Heartland Real Estate Business

FEB 2018

Heartland Real Estate Business magazine covers the multifamily, retail, office, healthcare, industrial and hospitality sectors in the Midwest.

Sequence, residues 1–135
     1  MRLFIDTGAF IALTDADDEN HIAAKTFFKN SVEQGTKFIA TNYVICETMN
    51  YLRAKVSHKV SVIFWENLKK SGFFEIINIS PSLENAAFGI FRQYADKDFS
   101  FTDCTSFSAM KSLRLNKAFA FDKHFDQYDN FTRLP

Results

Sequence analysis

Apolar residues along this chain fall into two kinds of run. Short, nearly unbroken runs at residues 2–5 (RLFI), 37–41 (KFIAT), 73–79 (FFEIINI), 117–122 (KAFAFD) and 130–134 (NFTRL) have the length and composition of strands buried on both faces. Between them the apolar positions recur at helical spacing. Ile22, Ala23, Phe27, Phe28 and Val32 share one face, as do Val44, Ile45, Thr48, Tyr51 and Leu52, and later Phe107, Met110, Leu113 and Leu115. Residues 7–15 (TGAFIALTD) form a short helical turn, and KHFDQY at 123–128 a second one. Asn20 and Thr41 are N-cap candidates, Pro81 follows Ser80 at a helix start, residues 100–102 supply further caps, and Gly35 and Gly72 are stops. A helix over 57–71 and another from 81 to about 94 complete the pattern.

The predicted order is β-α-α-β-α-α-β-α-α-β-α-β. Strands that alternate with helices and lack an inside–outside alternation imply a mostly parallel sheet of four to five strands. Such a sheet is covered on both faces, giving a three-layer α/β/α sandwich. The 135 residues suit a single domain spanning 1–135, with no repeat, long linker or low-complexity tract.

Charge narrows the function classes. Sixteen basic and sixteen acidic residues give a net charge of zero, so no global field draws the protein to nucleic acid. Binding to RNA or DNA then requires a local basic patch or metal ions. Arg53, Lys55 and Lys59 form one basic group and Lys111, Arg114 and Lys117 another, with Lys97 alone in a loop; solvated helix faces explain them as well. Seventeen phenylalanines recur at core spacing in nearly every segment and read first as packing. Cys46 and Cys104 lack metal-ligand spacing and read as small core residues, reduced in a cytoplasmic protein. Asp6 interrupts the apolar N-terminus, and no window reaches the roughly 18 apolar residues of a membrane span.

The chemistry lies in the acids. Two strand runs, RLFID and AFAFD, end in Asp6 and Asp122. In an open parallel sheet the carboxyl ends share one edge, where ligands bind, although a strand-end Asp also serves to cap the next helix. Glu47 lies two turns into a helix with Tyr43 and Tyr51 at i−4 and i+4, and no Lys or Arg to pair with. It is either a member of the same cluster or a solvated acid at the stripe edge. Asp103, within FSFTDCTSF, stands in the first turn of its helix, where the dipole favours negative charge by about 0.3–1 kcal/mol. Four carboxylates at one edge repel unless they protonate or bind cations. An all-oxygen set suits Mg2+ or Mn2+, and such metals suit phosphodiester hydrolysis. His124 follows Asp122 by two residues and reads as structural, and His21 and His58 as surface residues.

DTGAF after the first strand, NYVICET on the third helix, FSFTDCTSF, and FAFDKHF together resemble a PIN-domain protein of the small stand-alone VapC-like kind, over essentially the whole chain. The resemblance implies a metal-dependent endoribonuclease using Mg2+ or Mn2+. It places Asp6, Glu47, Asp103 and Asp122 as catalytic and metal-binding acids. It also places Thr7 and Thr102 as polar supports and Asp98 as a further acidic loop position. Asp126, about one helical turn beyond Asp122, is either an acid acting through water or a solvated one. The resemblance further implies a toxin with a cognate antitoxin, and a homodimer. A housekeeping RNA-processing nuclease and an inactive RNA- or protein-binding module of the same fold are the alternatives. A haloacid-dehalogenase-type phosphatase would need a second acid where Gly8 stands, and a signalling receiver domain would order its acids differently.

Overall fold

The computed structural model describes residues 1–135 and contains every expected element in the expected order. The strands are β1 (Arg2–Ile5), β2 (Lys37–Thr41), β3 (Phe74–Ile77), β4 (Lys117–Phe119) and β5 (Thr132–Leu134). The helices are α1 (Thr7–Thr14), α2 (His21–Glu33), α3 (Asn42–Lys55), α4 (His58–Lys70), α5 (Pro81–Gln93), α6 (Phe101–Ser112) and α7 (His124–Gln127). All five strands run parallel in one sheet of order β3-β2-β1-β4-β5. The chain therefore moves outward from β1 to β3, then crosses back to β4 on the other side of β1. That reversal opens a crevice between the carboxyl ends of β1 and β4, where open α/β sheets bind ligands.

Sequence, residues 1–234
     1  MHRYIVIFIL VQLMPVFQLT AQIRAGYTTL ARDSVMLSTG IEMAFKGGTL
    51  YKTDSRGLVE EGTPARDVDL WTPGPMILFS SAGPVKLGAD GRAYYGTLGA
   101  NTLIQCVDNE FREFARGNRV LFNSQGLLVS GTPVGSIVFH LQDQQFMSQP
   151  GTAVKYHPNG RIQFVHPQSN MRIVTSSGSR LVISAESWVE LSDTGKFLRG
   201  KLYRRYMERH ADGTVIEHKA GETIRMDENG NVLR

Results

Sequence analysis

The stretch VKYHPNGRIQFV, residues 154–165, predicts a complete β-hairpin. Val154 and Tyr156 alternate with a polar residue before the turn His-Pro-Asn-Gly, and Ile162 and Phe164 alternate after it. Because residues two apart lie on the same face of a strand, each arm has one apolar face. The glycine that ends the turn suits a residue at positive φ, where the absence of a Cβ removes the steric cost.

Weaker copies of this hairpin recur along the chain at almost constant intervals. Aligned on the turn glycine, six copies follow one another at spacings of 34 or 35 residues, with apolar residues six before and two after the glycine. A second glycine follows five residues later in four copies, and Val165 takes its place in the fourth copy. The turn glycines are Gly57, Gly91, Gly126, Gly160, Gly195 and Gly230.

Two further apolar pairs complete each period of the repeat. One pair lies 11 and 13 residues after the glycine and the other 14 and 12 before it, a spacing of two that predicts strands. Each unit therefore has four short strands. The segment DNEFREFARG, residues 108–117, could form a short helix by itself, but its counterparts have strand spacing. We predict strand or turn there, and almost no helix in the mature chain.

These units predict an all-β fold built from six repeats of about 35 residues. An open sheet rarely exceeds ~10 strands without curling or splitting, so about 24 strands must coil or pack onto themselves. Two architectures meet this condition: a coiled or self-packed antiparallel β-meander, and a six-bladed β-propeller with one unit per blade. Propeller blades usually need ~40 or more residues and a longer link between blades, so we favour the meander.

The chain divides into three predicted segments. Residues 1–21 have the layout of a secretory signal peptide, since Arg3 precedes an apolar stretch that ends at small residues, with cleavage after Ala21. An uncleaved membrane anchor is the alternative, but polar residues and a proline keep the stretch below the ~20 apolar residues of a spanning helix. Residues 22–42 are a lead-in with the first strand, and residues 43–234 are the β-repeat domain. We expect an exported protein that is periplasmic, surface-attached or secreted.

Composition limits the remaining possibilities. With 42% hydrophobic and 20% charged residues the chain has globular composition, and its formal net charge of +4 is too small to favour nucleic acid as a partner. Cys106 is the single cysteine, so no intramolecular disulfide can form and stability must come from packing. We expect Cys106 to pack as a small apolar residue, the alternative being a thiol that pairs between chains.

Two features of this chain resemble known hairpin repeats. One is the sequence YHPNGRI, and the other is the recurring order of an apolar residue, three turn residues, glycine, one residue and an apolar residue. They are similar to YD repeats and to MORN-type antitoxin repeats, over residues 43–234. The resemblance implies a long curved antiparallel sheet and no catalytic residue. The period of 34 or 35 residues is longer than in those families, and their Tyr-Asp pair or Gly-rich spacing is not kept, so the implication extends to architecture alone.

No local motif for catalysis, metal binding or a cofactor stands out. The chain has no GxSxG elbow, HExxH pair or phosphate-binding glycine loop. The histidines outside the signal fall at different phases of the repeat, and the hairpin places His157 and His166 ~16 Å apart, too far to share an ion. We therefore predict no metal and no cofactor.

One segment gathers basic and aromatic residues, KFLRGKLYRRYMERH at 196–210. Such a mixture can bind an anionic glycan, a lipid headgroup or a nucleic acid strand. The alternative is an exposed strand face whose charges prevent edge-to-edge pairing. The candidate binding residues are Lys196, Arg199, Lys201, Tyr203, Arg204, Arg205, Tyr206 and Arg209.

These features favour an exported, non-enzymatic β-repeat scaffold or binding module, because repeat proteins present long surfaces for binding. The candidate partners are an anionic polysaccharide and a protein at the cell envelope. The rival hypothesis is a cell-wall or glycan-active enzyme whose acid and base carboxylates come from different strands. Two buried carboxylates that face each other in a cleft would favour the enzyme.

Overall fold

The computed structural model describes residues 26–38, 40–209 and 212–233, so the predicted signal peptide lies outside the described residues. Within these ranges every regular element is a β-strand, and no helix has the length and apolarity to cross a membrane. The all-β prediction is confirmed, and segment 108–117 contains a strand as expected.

Issue link: https://heartlandrealestatebusiness.epubxp.com/i/935979

Contents of this Issue


Page 26 of 32